Prime Minister Alexis Tsipras in a nationally televised address this evening announced an historic agreement with FYROM PM Zoran Zaev on the naming issue and issues of identity and language that will allow Skopje to advance its membership application to Nato and the EU, on condition that all terms of the agreement are met.
Tsipras noted that FYROM since its independence has expropriated the cultural heritage of ancient Macedonia, and asserted that the agreement puts such issues on a proper footing.
The PM said that Greece once the terms of the agreement are met will play a primary role in shepherding Skopje into Nato and the EU, and that the agreed name of Northern Macedonia (Severna Makedonija in the Slavic rendition) will apply erga omnes, domestically, in international organizations, and in bilateral relations.
Tsipras said that Zaev agrees to amend the FYROM Constitution, and that 140 countries that now recognise FYROM as Republic of Macedonia will after the agreement recognise it as Republic of Northern Macedonia.
Moreover, Tsipras said that the agreement will draw a clear distinction with the Greek province of Macedonia.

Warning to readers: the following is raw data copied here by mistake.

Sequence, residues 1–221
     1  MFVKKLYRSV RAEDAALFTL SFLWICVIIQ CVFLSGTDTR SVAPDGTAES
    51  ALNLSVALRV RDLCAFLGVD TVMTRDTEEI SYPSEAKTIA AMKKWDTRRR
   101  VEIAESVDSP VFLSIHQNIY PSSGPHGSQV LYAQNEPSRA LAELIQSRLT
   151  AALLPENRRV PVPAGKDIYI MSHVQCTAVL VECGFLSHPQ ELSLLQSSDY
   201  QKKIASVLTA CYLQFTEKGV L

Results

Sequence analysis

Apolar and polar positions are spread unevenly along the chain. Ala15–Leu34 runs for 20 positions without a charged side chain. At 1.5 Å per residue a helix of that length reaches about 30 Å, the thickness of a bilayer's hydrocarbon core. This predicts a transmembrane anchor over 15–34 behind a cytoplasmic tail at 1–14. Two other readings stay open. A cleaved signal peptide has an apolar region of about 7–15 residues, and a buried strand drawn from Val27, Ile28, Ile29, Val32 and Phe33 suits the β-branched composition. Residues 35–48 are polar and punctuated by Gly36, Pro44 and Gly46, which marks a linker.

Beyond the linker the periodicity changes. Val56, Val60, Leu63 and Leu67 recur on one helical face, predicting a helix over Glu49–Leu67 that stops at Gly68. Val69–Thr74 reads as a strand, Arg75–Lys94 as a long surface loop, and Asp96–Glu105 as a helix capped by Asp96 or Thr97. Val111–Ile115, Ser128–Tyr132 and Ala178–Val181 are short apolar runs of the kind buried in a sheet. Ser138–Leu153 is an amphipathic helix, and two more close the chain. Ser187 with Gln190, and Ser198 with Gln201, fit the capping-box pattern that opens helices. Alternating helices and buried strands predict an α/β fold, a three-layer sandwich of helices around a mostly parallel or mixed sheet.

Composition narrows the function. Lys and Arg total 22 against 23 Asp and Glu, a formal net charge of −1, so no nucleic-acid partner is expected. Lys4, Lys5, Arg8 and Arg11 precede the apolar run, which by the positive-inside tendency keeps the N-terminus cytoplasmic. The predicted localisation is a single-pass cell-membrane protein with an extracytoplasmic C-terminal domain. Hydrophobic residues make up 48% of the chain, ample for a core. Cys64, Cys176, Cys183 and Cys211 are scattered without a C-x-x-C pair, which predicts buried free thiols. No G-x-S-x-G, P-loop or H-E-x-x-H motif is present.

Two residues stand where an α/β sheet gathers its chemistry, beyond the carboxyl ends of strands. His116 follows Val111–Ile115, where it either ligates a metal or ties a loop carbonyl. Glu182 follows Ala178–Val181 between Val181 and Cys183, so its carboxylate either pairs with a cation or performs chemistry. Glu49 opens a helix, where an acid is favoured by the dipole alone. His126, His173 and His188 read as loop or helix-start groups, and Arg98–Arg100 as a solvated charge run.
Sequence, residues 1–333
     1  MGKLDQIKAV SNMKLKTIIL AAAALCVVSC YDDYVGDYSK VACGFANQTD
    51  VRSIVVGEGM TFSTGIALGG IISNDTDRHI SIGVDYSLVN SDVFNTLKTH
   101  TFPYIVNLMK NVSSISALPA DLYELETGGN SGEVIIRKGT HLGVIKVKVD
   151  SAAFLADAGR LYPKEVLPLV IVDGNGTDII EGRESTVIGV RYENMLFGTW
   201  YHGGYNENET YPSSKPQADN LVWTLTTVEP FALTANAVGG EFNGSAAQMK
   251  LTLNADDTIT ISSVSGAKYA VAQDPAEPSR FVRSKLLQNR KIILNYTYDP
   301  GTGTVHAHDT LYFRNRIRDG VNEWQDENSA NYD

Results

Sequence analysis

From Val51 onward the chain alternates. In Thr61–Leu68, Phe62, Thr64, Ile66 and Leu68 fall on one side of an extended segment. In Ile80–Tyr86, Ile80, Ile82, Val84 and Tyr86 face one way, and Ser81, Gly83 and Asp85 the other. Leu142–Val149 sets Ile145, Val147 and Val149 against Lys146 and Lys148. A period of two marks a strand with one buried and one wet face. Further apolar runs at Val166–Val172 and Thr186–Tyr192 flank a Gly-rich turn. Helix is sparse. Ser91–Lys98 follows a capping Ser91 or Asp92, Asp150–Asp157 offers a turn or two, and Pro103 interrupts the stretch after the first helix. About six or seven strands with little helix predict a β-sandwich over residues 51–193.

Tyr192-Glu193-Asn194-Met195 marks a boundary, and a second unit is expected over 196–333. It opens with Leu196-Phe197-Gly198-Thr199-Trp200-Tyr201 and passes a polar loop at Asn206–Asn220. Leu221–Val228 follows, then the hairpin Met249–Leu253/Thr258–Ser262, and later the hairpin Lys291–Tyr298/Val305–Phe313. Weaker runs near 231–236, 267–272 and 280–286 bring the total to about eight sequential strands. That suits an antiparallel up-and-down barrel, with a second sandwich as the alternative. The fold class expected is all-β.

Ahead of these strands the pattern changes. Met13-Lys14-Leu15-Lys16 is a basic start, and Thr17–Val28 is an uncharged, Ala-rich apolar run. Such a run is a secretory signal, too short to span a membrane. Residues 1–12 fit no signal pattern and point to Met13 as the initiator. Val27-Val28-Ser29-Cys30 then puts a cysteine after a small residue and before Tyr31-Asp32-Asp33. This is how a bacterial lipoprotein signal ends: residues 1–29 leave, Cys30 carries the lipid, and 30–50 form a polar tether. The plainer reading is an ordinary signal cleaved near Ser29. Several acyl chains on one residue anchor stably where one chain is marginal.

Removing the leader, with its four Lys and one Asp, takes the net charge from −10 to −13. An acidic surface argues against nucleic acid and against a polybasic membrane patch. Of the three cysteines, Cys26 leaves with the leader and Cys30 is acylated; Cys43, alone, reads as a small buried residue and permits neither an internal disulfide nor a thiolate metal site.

The PM said that this is the first time that Skopje does not, and will not in the future, claim any connection with ancient Macedonia.
The agreement recognises a Macedonian language. Noting that in 1977 the country’s language was recognised as Macedonian, Tsipras said the agreement will note that Macedonian is a southern Slavic language, and that it is extinct from the language of the ancient Macedonians.
The agreement provides that residents of FYROM will henceforth be known as “citizens of Northern Macedonia”, though the ethnicity will apparently be recognised as Macedonian.
Skopje, under the terms of the agreement, will amend its constitution to include the new name and remove references to “Macedonian minorities abroad” and to the need to protect them, and if that constitutional revision does not happen, the process of FYROM gaining EU and Nato membership will be halted.
Tsipras said there is a clear timetable, that the agreement must be ratified by by both parliaments, and that Greece will sign on to the protocol of FYROM’s Nato entry.
Tsipras described the agreement as a diplomatic victory, which guarantees Greece’s cultural heritage.
He said the agreement is an historical opportunity for the Greek nation and the entire region.
The PM said that the agreement renders Greece a leadership force in the Balkans and “a pillar of stability in a deeply wounded region”.